David Watson is the global head of product development for Deutsche Bank’s global transaction banking (GTB) business, where he works alongside Edward Budd, who leads the bank’s strategy and planning for digital business models.
In this CoinDesk 2016 in Review special feature, Watson and Budd give their overview of what they’ve learned while exploring the technology over the last year, as well as their outlook for 2017 and beyond.
“The electric light did not come from the continuous improvement of candles.” – Oren Harari
2016 will definitely be recorded as the year that infamously put distributed ledger technology (DLT) claims at the top of the hype curve and triggered the imagination of many.
Entering 2017, the general market sentiment remains that DLT will have a significant impact on financial services and the business models of its industry participants.
In this context, it will be crucial that any activities are driven by actual market needs and this requires a view on what this means for us in terms of business model evolution, but more importantly what it means for our clients and for their business – unrelated to financial services.
To make progress here means that our lines of enquiry need to look beyond ‘sterile technology tests’ to include a practical view on integration into the real world, and to include the schemes that form the legal and regulatory basis for implementation.
This can only be achieved collaboratively and requires an ongoing dialogue with industry partners, FinTech, clients and regulators alike.
There will be skeptics who assume the lack of overnight adoption and acceptance is a concern, but let’s consider the early days of the iPhone – legal battles lasted several months with telecos before it was able to be launched.
When the first iPhone was released in 2007, it had zero apps and the second model, only six months later, had around 500. By 2011, the Apple App Store had over 500,000 apps to choose from. In that time, usage grew from under three million users to over 35 million.
Apple then partnered with FinTechs to develop further functionality and security of iOS, focused on safety of data and trialed its product in a sandbox environment to get customer feedback. By no means a quick evolution, but a fruitful one nonetheless.
This also highlights the phase we are just entering, development of apps/products in DLT, where the rubber hits the road.
Here are 5 lessons we have learned from DLT over the last 12 months:
1. ‘Everything is a journey’
This technology will (and must!) evolve and with it new opportunities will arise.
Has 2016 witnessed progress in the journey to transforming parts of financial services? Yes. Have we crossed the finishing line yet? No. Will there actually ever be a finishing line? Possibly not.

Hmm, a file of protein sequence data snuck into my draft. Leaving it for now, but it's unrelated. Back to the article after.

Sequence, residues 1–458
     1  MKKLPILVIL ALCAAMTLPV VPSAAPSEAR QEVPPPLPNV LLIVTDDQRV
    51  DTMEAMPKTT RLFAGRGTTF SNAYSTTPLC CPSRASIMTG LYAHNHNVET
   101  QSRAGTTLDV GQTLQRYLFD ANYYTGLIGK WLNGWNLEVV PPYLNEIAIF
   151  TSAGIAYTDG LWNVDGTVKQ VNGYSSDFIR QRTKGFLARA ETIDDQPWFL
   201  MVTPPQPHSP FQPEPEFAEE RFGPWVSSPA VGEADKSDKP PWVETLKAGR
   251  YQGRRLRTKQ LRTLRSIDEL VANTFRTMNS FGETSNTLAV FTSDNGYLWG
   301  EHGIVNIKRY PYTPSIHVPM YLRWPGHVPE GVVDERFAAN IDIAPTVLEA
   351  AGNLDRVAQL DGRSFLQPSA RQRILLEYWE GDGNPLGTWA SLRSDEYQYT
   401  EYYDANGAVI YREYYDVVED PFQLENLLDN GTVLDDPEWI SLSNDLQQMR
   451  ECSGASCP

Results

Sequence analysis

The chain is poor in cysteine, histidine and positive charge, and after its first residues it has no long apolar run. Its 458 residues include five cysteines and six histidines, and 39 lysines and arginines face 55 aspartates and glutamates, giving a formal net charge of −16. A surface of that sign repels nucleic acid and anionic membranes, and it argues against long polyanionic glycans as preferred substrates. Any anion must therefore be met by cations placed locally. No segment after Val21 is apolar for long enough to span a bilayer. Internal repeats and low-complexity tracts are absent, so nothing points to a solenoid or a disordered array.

Within the large portfolio of DLT activities there has been significant progress made, but the journeys we have seen to date clearly differ in speed and focus.
Our key area of focus remains the application of DLT to less digitalized securities markets with an emphasis on smart contracts.
Recently, we completed the next phase of our securities DLT business tests, building on our successful Smart Contract Corporate Bond proof-of-value (POV) back in 2015.
Of major interest for us this year has been the testing of practical integration points addressing functional capabilities such as SWIFT message matching, issuance, funding check, netting, interest payment, maturity and trading.
In the second half of the year, we further broadened our DLT investigations through the partnership in the Utility Settlement Coin (USC) consortium. This focuses on the exploration of the potential of relatively new digital concept such as ‘digital cash’.
The main area of interest for us in this context is what this could mean for the payment leg of the settlement of a security (the P in DvP, which stands for delivery versus payment), as well as the future of cross-currency transfers.
This is clearly a hot topic right now, as the German Bundesbank and Deutsche Boerse announced they would follow a similar route of discovery when referencing the development of a prototype leveraging DLT.
2. ‘You need to learn to walk, before you run’
Maintaining compliance with regulation, legal frameworks and production assured technology is not optional, it is mandatory.
The key learning here is that investigations need to be broadened beyond the technology and – besides the crucial business model aspects – focus on market infrastructure as well as legal implications.
In order to comply with legal requirements, the main focus of use cases this year have used a permissioned ledger set-up (KYC and data protection policy compliant), as they are the more practical adoptions for the scenarios in question.
Especially in the wholesale post-settlement and clearing scenarios, they show more similarities to current legal and membership schemes for regulators, and are built with focus on safety and soundness challenges, as well as governance issues that may occur in-flight when DLT is applied for financial products and services.